Threat sounds vol. 3: The 2023 Threat Detection Report playlist
We’re excited to press play on Threat sounds vol. 3, a playlist to accompany the 2023 Threat Detection Report. Like we did in 2021 and 2022, we picked a song for each of the most prevalent threats, trends, and ATT&CK techniques Red Canary observed in 2023. Read our liner notes below, and listen to the whole songs on Spotify!
Side 1: Threats
“Ain’t No Rest for the Wicked” by Cage the Elephant
There was no rest for our number one threat last year. While Qbot’s operators appeared to take vacations in both 2021 and 2022, they reemerged with a vengeance in the fall. After all, money don’t grow on trees.
“This is Not a Test” by She and Him
While about half of the Impacket behavior we run into comes from customer-confirmed testing, ransomware operators and other adversaries use the library of Python scripts for post-exploitation activity.
“False Advertising” by Bright Eyes
It can be heartbreaking when you click on an online ad for a miracle product and end up with malware instead. That tummy-flattening tea is in fact too good to be true.
“Little Drop of Poison” by Tom Waits
Gootloader’s operators use a little drop of SEO poison to lure victims into downloading a malicious ZIP archive. Symptoms of a Gootloader infection might include Tom Waits-levels of rasp in your voice.
“Pass the Dutchie” by Musical Youth
This open source password-dumping utility is the secret sauce behind “Pass the Hash” attacks.
“Ghosts ‘n’ Stuff” by Deadmau5
7. Raspberry Robin
“Raspberry Robin” by Christopher Treitsch
We’re just stunned this song exists at all. Call us, Christopher.
8. Cobalt Strike
“If You Can’t be Good, be Gone” by the Steeldrivers
Despite good-faith efforts from Cobalt Strike’s developers to prevent adversaries from cracking this post-exploitation tool, ransomware operators are still abusing older versions of the software.
“Hound Dog” by Big Mama Thornton
Adversaries use the BloodHound open source tool to sniff around Active Directory environments, making them no friend of ours.
“I Will Survive” by Cake
More than five years after an attempted takedown, Gamarue has survived, often spreading via infected USB drives, an initial access vector that also won’t seem to die.
Featured: Yellow Cockatoo
“Old Yellow Bricks” by Arctic Monkeys
Love’s a risk, and so are search engine redirects. We recommend blocking newly registered and low-reputation domains to avoid the .NET remote access trojan (RAT) associated with Yellow Cockatoo.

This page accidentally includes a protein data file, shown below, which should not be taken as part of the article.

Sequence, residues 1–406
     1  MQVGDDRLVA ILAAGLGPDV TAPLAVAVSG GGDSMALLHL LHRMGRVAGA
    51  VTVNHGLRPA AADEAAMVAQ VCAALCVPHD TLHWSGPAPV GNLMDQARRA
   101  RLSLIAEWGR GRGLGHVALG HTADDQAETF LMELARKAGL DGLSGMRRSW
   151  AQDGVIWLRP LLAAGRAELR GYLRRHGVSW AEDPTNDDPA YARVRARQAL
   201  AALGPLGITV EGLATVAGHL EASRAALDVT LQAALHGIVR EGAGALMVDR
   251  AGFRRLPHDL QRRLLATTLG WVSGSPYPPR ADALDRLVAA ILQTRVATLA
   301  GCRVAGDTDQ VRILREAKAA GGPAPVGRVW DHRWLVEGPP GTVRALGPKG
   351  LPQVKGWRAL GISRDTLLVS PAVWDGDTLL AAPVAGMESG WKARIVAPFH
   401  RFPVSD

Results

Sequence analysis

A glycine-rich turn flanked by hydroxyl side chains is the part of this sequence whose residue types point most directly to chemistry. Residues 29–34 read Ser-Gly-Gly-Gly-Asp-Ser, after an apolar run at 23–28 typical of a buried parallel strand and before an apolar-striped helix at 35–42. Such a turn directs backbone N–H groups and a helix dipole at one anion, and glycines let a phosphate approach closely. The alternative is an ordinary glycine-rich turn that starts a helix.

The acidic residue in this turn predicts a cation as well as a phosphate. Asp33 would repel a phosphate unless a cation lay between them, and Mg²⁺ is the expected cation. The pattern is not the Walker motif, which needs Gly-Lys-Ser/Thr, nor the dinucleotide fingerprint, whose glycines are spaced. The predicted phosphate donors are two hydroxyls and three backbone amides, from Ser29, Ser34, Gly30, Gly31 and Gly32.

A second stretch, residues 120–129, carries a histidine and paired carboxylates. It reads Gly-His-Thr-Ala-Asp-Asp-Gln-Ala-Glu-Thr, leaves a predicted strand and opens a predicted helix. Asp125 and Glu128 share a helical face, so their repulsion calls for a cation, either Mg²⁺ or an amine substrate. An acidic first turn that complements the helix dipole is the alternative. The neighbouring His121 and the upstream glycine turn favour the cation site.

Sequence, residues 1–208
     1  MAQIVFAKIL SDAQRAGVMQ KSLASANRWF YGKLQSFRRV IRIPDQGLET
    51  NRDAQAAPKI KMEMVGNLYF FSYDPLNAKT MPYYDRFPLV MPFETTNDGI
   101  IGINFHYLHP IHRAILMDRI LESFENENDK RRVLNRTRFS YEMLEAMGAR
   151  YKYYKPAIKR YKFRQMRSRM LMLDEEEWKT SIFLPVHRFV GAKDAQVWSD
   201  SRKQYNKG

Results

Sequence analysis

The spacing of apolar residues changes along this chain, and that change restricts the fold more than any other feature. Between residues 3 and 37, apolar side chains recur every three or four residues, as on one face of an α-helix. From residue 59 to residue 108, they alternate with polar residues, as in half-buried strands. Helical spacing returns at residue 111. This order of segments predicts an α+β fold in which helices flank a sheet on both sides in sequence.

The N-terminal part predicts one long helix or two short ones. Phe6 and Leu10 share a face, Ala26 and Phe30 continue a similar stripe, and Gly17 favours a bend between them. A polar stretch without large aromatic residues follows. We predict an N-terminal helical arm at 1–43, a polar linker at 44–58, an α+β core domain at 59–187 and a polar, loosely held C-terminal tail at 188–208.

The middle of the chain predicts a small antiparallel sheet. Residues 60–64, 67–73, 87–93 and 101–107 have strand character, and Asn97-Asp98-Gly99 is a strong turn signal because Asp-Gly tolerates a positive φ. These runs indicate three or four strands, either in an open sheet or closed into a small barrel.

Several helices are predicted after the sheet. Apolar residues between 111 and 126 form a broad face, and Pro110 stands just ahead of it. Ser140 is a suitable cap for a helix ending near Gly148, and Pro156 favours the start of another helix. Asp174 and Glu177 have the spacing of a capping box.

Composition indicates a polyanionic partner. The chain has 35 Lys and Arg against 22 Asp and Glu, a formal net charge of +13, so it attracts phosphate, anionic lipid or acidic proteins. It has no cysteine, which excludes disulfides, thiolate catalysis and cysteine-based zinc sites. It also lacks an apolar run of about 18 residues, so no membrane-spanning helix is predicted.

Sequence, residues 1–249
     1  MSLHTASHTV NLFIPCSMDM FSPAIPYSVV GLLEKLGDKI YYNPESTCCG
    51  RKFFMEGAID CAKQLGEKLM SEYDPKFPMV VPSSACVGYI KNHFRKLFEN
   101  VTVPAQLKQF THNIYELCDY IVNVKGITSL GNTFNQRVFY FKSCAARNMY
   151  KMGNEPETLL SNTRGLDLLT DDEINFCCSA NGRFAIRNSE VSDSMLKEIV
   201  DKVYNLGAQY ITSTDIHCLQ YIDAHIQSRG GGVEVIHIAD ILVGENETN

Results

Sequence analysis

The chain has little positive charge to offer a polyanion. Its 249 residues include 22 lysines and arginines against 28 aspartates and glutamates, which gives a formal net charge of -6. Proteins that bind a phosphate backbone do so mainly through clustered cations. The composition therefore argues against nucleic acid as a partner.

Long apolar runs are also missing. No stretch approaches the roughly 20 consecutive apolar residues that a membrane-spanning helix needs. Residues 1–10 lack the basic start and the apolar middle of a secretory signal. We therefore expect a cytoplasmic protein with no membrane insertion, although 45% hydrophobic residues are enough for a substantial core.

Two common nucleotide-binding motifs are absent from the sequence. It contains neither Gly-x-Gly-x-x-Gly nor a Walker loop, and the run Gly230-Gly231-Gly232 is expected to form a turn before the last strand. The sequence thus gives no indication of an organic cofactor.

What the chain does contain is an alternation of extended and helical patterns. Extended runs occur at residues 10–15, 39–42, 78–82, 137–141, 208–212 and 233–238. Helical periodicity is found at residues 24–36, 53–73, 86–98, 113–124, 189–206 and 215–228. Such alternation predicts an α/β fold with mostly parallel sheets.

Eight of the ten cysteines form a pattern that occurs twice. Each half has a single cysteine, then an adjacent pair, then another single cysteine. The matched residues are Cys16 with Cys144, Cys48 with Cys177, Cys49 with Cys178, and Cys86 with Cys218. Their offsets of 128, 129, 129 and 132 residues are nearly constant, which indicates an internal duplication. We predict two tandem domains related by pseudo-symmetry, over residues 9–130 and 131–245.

“It’s Been a While” by Staind
After a largely dormant 2021, it had been a while since we’d seen Emotet in customer environments, almost as long as it had been since we thought about the band Staind.
“X Gon’ Give it To Ya” by DMX
In 2022, Red Canary observed the PlugX remote access trojan (RAT) giving it to customers in manufacturing, construction, insurance, and international nonprofits.
Side 2: Techniques
1. Windows Command Shell (T1059.003)
“The Shell” by Lucy Dacus
Windows Command Shell overtook its cousin PowerShell as the number one adversary technique Red Canary observed in 2022. Hopefully things won’t be awkward at Thanksgiving.
2. PowerShell (T1059.001)
“Seven Nation Army” The White Stripes
PowerShell commands are like the power chords of the Windows operating system: simple building blocks that add up to something bigger. The question is: Which is more annoying—a destructive computer worm or an incessant earworm?
2. Windows Management Instrumentation (T1047)
“Bust Your Windows” by Jazmine Sullivan
Because Windows Management Instrumentation (WMI) is a native feature, malicious activity often blends in with legitimate activity, enabling attacks that could ultimately bust your Windows.
4. Obfuscated Files or Information (T1027)
“Invisible String” by Taylor Swift
Adversaries can make key strings of malicious code invisible to the naked eye (and even some detection tools) by using obfuscation techniques such as Base64 encoding, string concatenation, substrings, and escape characters
5. Rundll32 (T1218.011)
“We Run This” by Missy Elliot
While there are plenty of legitimate reasons to run this native Windows process, we’ve seen adversaries run it to commit misdemeanors…and worse.
6. Ingress Tool Transfer (T1105)